The wild hare hurtled across the winter street, just missing being hit by the car. It was 6 a.m. in city centre Inglewood. The driver was a woman, the car flashy and new. She made no attempt to stop.
My dog and I stood in stark terror, worried the creature would be killed.
Then a realization flashed through my mind. "She does not realize that we are all one."
I credit the angels for giving me that profound instant insight. Usually, I would be full of Irish rage and blame.
The woman's total disregard for anything not part of her immediate world is all part of our disposable, fragmented society. Kittens are left at the side of a country road in a box. Dogs are driven to the remote backcountry, dropped off and they sit and wait for their "owners" to return. Ultrasounds are done on pregnant women so they can decide to abort if the unborn child is a girl.
River valley parkland by the zoo is up for grabs; but who is going to speak for the wild animals who use it as a natural corridor or for their home, or for the weary soul who retreats to the pathways with their dog at the end of the day seeking peace, sanctuary. If no one stands up for the natural sanctity of this part of the city's river valley, it will be as Joni Mitchell says, "They paved paradise and put up a parking lot."
The only way we are going to create a sustainable society is to realize life is a mosaic, an interlocking tapestry, with each thread essential. Pull out one thread, no matter how thin, and life is not the creation we need and want it to be.
Each of us is a thread. For me, this is when the haunting begins and I recall the story of Jesus, his gift of talents to several men and his rage at the man who buried his talent. Each of us was given talents, strengths to use in our lives.
So are they buried? Did I study as long and as hard as I could? Do I fight for my health? Do I see beauty in the moment of the day?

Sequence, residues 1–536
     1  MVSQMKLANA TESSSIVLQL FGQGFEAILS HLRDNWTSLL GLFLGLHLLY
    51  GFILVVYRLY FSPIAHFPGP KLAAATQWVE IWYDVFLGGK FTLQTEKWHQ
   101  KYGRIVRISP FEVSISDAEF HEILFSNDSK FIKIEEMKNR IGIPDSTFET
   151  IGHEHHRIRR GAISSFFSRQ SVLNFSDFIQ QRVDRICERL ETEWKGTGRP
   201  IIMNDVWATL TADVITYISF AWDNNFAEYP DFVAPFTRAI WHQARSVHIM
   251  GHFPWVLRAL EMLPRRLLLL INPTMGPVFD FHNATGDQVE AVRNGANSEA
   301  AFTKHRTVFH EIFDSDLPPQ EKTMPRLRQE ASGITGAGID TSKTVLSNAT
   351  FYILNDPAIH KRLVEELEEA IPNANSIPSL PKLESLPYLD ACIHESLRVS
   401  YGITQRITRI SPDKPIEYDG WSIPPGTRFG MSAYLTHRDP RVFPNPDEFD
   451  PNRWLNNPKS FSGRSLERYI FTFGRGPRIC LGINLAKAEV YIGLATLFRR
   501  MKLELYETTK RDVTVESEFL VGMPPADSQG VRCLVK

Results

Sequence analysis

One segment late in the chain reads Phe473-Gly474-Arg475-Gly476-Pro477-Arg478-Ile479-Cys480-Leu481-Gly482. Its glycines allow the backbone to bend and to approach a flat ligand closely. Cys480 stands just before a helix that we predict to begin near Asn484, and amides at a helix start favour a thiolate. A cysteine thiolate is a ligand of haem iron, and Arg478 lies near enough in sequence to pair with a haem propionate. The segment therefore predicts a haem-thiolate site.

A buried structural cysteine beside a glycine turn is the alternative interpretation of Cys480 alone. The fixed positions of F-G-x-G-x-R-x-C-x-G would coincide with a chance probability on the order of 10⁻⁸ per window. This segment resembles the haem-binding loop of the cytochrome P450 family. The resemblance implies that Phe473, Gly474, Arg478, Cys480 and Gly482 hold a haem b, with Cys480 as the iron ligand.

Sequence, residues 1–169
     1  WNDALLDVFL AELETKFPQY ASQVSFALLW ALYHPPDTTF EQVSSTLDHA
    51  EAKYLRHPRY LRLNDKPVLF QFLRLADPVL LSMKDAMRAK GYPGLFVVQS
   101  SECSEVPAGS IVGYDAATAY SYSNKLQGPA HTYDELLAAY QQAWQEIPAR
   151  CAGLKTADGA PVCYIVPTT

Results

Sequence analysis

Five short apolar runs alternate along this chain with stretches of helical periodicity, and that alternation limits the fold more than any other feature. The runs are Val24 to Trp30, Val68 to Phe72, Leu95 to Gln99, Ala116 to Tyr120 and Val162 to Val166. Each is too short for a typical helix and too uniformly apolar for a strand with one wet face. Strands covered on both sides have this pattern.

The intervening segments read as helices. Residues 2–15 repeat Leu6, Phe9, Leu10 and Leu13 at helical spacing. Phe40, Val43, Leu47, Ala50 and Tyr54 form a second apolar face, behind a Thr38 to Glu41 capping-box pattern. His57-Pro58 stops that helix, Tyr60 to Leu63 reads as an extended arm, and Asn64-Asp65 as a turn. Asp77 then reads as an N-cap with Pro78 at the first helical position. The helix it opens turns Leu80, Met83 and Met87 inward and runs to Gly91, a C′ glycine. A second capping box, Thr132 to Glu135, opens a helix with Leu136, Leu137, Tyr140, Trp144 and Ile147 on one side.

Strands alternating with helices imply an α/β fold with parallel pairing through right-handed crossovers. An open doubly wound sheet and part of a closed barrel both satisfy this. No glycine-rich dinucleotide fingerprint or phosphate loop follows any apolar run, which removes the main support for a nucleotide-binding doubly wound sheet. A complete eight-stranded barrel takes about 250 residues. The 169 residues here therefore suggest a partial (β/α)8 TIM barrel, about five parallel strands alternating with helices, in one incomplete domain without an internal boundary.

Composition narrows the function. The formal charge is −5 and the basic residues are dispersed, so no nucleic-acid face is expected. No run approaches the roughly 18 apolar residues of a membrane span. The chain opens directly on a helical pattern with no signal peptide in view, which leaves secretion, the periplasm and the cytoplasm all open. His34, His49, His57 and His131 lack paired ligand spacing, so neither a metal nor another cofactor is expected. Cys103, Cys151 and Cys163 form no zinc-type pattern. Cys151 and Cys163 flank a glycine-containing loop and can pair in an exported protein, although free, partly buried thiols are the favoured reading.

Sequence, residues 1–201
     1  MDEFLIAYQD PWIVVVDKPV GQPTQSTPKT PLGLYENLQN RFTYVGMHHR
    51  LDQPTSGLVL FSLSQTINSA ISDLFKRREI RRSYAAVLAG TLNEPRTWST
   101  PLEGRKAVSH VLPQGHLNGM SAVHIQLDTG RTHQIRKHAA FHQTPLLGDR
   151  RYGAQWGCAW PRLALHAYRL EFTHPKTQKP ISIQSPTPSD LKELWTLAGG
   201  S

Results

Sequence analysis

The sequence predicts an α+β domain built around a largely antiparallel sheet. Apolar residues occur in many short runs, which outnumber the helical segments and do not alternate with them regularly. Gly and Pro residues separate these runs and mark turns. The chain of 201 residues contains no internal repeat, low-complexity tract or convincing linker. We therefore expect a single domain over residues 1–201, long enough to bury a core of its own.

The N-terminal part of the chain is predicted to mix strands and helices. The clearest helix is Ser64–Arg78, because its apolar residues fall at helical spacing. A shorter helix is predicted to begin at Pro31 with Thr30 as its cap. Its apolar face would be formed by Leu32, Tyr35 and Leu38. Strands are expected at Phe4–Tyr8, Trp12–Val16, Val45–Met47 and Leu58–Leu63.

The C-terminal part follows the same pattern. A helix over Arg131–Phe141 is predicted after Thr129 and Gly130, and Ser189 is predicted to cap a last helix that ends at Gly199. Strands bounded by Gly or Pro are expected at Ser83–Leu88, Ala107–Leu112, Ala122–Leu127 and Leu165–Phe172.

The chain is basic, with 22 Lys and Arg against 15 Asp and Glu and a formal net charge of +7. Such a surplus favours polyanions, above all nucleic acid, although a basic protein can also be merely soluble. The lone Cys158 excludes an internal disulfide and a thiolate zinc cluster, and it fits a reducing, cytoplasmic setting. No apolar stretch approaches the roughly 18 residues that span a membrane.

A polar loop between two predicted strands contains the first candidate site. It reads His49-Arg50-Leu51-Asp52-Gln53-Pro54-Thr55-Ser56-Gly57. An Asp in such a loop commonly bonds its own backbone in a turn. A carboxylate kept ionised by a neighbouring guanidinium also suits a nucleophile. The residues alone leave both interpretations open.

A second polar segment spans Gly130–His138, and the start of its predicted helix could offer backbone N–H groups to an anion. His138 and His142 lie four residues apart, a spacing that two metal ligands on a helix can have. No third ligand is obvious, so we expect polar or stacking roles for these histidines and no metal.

Do I remember that each thread is woven with others, that I am part of a community, part of a country, a global citizen?
It's usually when I am doing this sort of rumbling in my weary conscience that I hunker down and lose myself in Masterpiece Theatre's Downtown Abby. Everything seemed so easy then. Everyone knew their place, what was expected of them. They had community.
Reality kicks in and the ugly confines of class, no modern medicine pushes me back to today.
Still the fear of getting up to heaven – on the heady assumption that I shall make it there – and having St. Peter rail at me, showing me precious talents that had been given to me and how and when I wasted them haunts me.
There is also the responsibility of being part of the global community. My solitary self stumbles over that one.
But yes we can send a donation – no matter how small – to help relief efforts in the starvation rampaging through the Horn of Africa. Monitor the news and write one's MP, I tell myself, demanding Canada act.
Community comes in all levels and perhaps locally is the hardest.
One can start with baby steps. Buy at the local open air markets. Get to know the producers, how they grow or make what they have for sale.
The 124th Street Market opened a few weeks ago at 108th Avenue. It runs from 5 p.m. to 9 p.m. Thursdays. So I went and it was like stepping back in time when life was mellow – gentle souls wearing sandals, babies peeking out of slings, dogs on leashes, fiddles in background, home-grown food, eggs fresh from the hens' nests, service-friendly food trucks.
Vendors chat knowledgeably and companionably about their wares. So peaceful. So pleasant.
It's a good first start towards enjoying the community. (But beware. The parking police were scribbling like mad so make sure your car is in a legal spot.)
And about that valley, parkland or even a tree that you care passionately about. Stand up and speak at meetings. Call your councillor when civic planners make moves towards commercializing the river valley, tearing up parkland, ripping down trees. It is our valley, our parkland, our tree – not theirs.'
(Lasha Morningstar firstname.lastname@example.org)